IRS Scandals

by Veronique de Rugy

I have a piece up at the Washington Examiner arguing that the IRS’s systematic targeting of nonprofit organizations applying for tax-exempt status simply on the basis of their names or assumed political leanings is only one of the questionable moves the agency has made.

Taxpayers who have to put up with a complicated tax code are receiving increasingly worse services from the tax agency. Its customer service representatives are answering fewer “customer” calls and keeping callers on hold for longer periods. Instead of trying to jack up the quality of its services, the IRS decided to stop answering the harder, more time-consuming questions.

But it doesn’t stop there. The IRS also decided that in this context it would be a great idea to try to squeeze the competition and make it harder for taxpayers to get tax advices from small tax-prep companies by imposing onerous (and unnecessary) education and licensing requirements. Tim Carney has a good piece explaining how the IRS move would benefit the big companies like H&R Block.

The great news is that didn’t work:

Thankfully, as Reason Magazine’s Katherine Mangu-Ward explains, “The libertarian legal outfit Institute for Justice helped mom-and-pop tax prep firms challenge the new regs.”

In this case, the good guys won. News arrived a few days ago that the “D.C. Circuit Court of Appeals ruled that the IRS had no legal authority to impose a nationwide licensing scheme on tax-return preparers.” For now, you can at least seek prompt, affordable, tax assistance from private firms while the IRS gets its customer service act together. However, this victory is merely one small riposte against the IRS’ disturbing broader power grab.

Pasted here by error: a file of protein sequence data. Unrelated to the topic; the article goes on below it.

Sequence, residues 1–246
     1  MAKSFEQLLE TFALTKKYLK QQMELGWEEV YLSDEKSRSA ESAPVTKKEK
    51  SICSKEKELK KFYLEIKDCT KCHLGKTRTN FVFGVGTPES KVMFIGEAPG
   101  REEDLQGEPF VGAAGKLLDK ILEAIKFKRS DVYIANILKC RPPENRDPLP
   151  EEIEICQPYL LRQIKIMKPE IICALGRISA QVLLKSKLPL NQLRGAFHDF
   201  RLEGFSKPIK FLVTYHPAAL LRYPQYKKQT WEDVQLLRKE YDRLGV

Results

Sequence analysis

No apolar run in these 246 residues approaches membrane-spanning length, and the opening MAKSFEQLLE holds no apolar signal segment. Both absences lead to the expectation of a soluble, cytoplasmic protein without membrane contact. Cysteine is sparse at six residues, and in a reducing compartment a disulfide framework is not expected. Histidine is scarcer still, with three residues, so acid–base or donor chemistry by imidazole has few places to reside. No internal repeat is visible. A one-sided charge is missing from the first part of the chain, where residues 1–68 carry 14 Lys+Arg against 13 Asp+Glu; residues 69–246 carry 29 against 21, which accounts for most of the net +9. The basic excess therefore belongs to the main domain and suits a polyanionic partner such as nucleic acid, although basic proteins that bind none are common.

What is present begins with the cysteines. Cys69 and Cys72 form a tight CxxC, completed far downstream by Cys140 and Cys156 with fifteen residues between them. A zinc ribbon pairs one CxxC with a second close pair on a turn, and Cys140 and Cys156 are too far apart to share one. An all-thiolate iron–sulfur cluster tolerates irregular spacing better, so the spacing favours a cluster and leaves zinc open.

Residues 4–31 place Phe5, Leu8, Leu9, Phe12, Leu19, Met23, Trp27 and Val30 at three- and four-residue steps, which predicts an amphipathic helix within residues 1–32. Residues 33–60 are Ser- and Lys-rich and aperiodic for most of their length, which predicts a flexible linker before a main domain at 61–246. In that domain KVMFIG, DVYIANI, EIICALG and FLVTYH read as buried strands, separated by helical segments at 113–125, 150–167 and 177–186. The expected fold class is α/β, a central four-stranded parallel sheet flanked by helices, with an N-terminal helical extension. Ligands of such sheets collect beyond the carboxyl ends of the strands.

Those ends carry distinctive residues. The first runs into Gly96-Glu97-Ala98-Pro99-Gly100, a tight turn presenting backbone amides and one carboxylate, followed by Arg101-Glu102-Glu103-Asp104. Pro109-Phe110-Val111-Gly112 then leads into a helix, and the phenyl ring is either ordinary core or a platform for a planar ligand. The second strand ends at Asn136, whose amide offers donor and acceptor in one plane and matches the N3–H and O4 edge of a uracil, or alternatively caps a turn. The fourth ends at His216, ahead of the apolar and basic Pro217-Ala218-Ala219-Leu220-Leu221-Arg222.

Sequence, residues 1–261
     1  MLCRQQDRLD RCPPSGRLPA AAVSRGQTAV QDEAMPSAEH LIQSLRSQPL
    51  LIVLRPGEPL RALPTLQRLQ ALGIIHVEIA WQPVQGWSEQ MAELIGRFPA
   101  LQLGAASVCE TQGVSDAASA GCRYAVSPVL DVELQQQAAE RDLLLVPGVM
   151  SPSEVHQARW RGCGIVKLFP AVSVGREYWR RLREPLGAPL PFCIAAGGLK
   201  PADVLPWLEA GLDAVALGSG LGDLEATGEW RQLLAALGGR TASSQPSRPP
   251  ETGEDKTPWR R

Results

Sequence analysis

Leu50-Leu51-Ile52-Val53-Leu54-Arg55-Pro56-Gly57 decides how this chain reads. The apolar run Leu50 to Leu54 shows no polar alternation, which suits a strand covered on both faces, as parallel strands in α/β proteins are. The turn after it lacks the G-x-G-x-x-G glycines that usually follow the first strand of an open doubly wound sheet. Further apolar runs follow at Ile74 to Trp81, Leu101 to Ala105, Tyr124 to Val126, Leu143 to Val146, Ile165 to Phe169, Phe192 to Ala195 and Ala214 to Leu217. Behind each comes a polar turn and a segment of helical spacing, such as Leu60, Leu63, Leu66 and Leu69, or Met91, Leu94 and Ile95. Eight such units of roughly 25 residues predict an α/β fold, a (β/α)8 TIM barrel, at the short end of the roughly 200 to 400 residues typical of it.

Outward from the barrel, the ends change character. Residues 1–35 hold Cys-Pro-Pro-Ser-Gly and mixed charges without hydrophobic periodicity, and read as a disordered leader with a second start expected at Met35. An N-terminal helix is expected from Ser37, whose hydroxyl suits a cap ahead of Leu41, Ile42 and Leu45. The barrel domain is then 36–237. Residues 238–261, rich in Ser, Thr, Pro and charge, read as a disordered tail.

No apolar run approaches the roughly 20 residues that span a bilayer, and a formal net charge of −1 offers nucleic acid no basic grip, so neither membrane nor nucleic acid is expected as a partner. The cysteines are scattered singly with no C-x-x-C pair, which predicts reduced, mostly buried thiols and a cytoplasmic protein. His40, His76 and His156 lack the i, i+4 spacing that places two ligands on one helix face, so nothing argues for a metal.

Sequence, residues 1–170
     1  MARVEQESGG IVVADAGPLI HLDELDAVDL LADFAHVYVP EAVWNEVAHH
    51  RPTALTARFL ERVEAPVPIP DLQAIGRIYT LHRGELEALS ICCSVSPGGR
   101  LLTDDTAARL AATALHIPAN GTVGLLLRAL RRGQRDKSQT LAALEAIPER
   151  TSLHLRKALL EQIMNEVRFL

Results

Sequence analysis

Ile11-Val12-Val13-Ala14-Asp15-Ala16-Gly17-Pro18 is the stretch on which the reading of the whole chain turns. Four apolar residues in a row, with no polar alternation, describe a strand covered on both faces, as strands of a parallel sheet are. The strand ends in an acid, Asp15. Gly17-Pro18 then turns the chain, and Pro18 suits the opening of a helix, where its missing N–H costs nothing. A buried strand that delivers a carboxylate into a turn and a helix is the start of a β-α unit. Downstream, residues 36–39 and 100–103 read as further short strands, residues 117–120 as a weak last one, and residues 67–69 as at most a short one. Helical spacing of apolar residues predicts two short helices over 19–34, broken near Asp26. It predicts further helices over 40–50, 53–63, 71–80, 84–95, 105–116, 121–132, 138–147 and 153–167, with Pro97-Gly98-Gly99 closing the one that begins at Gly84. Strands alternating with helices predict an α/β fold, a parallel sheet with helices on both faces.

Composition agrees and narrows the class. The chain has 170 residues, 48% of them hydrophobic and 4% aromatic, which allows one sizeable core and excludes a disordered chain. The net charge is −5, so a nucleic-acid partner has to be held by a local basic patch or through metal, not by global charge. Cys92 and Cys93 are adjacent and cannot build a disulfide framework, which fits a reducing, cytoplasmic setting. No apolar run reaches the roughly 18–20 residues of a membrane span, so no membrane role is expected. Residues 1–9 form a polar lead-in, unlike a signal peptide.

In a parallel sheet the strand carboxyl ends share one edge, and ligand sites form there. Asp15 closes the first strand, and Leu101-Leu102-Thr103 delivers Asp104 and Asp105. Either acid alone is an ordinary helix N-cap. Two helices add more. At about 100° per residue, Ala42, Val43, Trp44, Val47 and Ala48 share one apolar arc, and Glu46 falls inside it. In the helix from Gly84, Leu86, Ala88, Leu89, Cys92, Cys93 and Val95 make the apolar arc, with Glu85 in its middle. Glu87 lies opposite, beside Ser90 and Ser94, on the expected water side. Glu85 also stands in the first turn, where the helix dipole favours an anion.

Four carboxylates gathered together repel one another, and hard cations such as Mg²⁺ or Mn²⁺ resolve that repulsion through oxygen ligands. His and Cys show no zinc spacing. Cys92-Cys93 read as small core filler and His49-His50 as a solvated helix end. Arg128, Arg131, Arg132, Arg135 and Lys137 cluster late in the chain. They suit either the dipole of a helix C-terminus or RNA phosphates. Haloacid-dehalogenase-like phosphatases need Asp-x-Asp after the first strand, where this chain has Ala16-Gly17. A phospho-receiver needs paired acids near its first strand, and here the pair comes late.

But it gets much worse than that. Michael Cannon at the Cato Institute is fighting to prevent the IRS and Treasury from illegally rewriting the healthcare law:

Cannon reports that the IRS and Treasury Department have rolled out possibly illegal taxes for the payment of Obamacare’s premium subsidies in states that declined to establish their own exchange. As written, the ACA only directs the IRS to impose specific taxes and pay premium subsidies in state-established exchanges. Yet, as Cannon writes: “Nevertheless, agency officials agreed, again with apparent unanimity, to impose those taxes and dispense those subsidies in states with federal exchanges, the undisputed plain meaning of the PPACA notwithstanding.”

This action isn’t just potentially illegal, it could have serious financial consequences for the country. As Cannon explains, “Treasury, IRS, and HHS officials simply rewrote the law to create a new, unauthorized entitlement program whose cost ‘may exceed $500 billion dollars over 10 years.’ (My own estimate puts the 10-year cost closer to $700 billion.)”

For the complete story and analysis on this issue, please read the work of Michael Cannon, and in particular, this piece.

My piece is here.